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Education

Black hair not only tells stories, but shows 'what they believe, who they are to others'

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National Underground Railroad Freedom Center
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Screenshot from May 12, 2022 virtual event
Kent State University professors discussed the history of Black hair and how people express themselves during a virtual discussion Thursday hosted by the National Underground Railroad Freedom Center

Black hairstyles don't only allow for people to express themselves freely, but offer a window into African history.

Kent State University professors discussed how stories of people of African descent are expressed through hair during a virtual event hosted by the National Underground Railroad Freedom Center Thursday.

Tameka Ellington, Ph.D., and Joseph Underwood, Ph.D., co-curated an exhibition at the Kent State University Museum titled, TEXTURES: The History and Art of Black Hair, which uses history, fashion, art and visual culture to reassess the “hair story” of peoples of African descent. The exhibition ends Aug. 14.

The four themes typically conveyed through Black hairstyles are age, gender, faith, and occupation. Underwood explains hairstyles were used not only for self-expression, but to display one's status within a community.

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National Underground Railroad Freedom Center
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Screenshot from May 12, 2022 virtual event
Hair has been used to display status and maturity within communities.

"Thousands of years ago, tracing back to ancient Egypt, we already see that hair is sending messages," Underwood said. "It's communicating something about the people, what they believe, who they are to others."

When Africans were captured and sold into slavery, their heads were typically shaved not only to dehumanize them, but to strip their identities. Ellington says the traditional hairstyles are influenced by the desire to maintain heritage despite atrocity.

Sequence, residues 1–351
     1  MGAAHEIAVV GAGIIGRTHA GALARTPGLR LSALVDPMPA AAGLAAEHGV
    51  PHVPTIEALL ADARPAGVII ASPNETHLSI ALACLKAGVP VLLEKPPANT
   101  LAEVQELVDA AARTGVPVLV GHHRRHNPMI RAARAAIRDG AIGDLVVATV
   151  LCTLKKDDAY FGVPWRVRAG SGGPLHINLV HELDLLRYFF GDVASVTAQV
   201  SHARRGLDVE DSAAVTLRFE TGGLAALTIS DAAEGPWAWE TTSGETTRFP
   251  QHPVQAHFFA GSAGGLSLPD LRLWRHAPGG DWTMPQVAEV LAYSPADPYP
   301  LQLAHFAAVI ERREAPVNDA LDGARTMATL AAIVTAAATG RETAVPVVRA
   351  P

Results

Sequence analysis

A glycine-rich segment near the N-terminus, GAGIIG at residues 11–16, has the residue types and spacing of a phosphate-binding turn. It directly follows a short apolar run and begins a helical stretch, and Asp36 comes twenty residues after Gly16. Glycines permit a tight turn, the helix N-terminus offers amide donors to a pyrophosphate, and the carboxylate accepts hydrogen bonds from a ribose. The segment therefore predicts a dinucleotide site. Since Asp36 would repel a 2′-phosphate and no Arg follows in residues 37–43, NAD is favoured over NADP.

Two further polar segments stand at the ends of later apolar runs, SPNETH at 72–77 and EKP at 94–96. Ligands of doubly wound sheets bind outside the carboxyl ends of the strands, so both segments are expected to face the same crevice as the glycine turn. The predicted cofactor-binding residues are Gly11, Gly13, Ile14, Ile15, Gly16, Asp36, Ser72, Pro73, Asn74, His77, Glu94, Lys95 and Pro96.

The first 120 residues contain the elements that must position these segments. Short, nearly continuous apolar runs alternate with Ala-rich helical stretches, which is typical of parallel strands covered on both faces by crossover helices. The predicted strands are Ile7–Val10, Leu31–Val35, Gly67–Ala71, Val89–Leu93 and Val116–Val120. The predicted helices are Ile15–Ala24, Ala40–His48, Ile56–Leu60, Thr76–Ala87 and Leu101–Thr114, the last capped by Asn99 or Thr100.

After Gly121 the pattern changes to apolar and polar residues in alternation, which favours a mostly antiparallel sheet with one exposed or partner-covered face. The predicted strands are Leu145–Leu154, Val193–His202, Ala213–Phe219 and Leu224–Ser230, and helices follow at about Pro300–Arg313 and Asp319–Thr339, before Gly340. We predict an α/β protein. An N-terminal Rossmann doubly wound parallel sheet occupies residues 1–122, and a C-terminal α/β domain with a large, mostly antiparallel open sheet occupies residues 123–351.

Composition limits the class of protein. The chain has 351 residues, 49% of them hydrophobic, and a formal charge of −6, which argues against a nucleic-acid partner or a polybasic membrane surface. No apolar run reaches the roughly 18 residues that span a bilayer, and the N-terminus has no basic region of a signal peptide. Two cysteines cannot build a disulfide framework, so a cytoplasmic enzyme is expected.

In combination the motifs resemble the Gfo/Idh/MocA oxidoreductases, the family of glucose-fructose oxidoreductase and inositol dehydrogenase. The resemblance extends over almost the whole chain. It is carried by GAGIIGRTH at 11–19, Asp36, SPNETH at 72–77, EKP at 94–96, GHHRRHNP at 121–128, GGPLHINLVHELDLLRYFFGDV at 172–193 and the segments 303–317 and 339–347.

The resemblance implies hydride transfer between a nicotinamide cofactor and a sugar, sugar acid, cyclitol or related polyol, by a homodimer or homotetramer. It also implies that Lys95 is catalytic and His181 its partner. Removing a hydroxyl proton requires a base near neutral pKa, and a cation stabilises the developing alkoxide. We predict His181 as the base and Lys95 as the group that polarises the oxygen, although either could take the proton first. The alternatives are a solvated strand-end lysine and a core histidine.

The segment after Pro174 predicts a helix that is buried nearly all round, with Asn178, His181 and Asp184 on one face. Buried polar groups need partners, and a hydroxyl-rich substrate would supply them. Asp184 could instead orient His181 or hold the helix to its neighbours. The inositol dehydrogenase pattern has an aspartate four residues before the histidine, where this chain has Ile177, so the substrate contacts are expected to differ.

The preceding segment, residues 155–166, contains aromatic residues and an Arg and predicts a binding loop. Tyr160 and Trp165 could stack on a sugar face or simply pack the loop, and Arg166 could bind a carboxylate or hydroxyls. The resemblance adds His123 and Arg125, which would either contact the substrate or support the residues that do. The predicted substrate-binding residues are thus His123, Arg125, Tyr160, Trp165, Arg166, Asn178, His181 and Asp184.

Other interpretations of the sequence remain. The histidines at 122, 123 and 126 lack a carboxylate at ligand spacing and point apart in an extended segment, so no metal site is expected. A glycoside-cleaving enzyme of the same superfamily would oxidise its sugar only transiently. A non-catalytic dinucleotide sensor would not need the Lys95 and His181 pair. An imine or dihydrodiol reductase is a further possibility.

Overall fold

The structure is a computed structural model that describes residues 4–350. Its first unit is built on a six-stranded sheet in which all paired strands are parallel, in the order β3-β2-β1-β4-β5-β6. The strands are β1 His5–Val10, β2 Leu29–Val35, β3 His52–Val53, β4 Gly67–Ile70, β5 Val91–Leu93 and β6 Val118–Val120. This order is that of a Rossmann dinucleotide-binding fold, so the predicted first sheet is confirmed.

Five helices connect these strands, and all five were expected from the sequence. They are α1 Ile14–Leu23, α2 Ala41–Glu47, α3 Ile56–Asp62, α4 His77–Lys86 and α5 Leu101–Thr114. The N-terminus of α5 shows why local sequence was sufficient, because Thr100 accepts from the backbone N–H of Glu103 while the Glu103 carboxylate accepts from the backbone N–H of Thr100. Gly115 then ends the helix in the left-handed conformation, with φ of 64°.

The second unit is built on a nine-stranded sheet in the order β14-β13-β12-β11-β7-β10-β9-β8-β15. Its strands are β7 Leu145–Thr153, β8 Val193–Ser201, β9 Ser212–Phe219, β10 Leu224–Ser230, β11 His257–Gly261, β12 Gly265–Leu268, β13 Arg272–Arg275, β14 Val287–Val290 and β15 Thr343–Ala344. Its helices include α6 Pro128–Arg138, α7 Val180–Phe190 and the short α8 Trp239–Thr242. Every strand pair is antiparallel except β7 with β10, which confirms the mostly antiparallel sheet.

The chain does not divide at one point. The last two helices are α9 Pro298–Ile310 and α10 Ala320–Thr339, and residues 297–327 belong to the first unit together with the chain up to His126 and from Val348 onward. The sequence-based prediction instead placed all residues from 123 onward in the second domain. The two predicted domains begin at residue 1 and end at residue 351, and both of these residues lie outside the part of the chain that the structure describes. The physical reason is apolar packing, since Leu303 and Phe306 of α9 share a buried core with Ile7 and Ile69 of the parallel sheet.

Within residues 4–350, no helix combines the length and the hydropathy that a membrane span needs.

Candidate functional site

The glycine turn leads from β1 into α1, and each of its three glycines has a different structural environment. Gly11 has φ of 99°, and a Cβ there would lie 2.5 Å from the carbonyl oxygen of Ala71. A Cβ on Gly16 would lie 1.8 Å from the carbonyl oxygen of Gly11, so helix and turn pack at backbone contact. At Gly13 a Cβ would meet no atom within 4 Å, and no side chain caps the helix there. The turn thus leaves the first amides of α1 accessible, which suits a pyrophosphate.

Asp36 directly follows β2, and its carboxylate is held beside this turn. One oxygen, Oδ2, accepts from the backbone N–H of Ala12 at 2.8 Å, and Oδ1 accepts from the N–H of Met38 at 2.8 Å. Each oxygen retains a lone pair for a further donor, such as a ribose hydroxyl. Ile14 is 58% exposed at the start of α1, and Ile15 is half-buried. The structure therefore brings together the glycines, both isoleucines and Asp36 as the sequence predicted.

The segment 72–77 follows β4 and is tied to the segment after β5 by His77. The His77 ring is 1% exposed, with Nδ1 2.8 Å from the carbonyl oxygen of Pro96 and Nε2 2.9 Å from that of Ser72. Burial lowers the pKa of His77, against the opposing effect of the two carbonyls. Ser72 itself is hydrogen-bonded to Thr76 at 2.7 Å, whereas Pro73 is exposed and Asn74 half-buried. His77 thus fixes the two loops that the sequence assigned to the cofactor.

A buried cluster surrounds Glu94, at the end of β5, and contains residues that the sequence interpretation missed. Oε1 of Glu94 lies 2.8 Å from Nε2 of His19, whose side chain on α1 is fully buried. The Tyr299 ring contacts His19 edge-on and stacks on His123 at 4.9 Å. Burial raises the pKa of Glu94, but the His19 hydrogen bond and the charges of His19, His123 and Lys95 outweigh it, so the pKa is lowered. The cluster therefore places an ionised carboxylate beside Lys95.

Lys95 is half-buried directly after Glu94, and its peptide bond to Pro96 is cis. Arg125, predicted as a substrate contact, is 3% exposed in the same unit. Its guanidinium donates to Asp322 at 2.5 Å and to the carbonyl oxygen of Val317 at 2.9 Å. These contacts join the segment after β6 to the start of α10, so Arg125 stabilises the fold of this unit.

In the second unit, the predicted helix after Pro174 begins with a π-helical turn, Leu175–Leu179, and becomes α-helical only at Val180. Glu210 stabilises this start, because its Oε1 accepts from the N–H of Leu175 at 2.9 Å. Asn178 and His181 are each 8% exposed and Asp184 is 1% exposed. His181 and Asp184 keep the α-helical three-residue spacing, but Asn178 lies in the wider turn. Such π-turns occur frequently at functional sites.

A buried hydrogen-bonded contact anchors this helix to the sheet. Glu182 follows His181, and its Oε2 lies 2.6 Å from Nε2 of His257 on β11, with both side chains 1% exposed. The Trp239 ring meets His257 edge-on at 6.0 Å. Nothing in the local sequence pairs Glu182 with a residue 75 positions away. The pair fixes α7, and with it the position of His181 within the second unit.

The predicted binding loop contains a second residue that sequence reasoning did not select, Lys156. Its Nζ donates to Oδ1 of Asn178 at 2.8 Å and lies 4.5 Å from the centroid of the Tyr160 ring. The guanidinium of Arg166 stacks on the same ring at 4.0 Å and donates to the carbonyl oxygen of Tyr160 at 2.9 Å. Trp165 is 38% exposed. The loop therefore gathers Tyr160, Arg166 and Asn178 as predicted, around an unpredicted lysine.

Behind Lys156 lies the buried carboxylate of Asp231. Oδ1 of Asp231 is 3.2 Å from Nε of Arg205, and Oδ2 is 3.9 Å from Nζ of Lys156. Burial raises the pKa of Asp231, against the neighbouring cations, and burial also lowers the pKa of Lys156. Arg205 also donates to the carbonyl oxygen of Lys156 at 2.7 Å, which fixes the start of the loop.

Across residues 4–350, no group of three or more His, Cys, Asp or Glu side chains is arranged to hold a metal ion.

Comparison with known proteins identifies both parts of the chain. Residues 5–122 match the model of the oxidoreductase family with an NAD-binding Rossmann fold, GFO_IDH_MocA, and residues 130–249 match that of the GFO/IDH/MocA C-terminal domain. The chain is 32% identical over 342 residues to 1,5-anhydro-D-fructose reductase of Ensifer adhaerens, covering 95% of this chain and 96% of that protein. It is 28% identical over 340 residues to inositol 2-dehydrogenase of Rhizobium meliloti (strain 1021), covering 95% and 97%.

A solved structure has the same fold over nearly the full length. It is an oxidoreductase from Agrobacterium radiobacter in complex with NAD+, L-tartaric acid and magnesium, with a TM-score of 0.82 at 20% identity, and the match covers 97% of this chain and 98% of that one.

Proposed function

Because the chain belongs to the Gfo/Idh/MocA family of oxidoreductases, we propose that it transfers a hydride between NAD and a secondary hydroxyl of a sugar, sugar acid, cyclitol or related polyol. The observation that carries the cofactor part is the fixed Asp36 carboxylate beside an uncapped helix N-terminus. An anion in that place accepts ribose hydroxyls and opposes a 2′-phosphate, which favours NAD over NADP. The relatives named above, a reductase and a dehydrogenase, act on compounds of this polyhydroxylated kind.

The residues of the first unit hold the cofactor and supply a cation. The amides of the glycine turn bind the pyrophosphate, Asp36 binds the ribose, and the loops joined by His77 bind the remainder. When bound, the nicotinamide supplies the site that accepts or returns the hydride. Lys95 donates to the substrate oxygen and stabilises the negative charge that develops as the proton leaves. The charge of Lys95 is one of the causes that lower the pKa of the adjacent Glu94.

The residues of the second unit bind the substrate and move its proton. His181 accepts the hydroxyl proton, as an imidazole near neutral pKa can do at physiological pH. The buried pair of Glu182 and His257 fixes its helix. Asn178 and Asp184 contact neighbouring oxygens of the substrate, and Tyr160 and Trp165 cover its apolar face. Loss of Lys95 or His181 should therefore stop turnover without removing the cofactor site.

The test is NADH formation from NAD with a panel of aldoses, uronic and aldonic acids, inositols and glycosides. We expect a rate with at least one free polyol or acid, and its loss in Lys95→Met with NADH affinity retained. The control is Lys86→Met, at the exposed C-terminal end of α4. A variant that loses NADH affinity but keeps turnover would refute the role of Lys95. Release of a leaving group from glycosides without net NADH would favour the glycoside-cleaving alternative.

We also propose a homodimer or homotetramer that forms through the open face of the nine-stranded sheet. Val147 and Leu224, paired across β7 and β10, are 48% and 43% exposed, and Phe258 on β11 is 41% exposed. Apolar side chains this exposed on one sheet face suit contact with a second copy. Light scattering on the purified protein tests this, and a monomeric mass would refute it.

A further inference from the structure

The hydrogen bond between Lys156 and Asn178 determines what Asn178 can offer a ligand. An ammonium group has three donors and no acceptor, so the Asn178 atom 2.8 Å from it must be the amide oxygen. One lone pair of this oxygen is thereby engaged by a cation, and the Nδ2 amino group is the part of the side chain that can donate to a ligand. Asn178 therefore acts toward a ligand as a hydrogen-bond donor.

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National Underground Railroad Freedom Center
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Screenshot from May 12, 2022 virtual event

"As we're going through these things, how do we try to maintain some of our history, some of our traditions as we're being transported from our home to 'the new world?'", Ellington said.

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National Underground Railroad Freedom Center
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Screenshot from May 12, 2022 virtual event

As slavery continued, divisions developed on how Black hair should be styled. Despite both being enslaved, the hierarchy between house slaves and field slaves divided them. House slaves tended to wear straight hair, while field slaves wore natural hair. Ellington says that divide continues today through modern hairstyles.

"We still have this unspoken divide among ourselves, this colorism and 'texturism' we're still dealing with and we call this 'good and bad hair,'" Ellington said.

Black women wear various hairstyles today, but there's still a divide amongst them. Roughly 60% wear their hair straight, and 40% wear natural hair (using no chemicals) according to Mintel Market Research.

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National Underground Railroad Freedom Center
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Screenshot from May 12, 2022 virtual event

"We have so many different variations going on, and it's really critical that we look at and analyze why we wear our hair the way that we do," Ellington said. "What statement are we putting out to society about who we are as Black people? What do we want others to see us as when we represent ourselves in society?"

When asked about white people wearing Black hairstyles and the thin line between appreciation and appropriation, Ellington says that it's "detrimental" to Black culture because Black people are still being demeaned for their hairstyles. Meanwhile, white people are seen as having "trendy" hairstyles.

"We're still fighting for the right to be able to wear our hair the way that we want to wear it, the CROWN Act," Ellington said.